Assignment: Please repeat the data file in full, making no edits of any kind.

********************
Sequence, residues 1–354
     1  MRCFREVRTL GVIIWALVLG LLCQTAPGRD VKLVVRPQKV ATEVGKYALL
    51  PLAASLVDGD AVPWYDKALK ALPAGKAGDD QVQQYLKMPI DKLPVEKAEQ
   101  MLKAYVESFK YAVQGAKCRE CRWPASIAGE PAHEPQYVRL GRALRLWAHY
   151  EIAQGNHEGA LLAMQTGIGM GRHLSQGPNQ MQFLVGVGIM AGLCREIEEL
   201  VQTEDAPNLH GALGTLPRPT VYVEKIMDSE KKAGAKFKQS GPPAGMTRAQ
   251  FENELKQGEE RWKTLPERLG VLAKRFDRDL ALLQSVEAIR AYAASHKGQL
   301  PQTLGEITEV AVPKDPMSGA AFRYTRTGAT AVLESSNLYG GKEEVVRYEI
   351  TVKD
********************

Sequence, residues 1–354
     1  MRCFREVRTL GVIIWALVLG LLCQTAPGRD VKLVVRPQKV ATEVGKYALL
    51  PLAASLVDGD AVPWYDKALK ALPAGKAGDD QVQQYLKMPI DKLPVEKAEQ
   101  MLKAYVESFK YAVQGAKCRE CRWPASIAGE PAHEPQYVRL GRALRLWAHY
   151  EIAQGNHEGA LLAMQTGIGM GRHLSQGPNQ MQFLVGVGIM AGLCREIEEL
   201  VQTEDAPNLH GALGTLPRPT VYVEKIMDSE KKAGAKFKQS GPPAGMTRAQ
   251  FENELKQGEE RWKTLPERLG VLAKRFDRDL ALLQSVEAIR AYAASHKGQL
   301  PQTLGEITEV AVPKDPMSGA AFRYTRTGAT AVLESSNLYG GKEEVVRYEI
   351  TVKD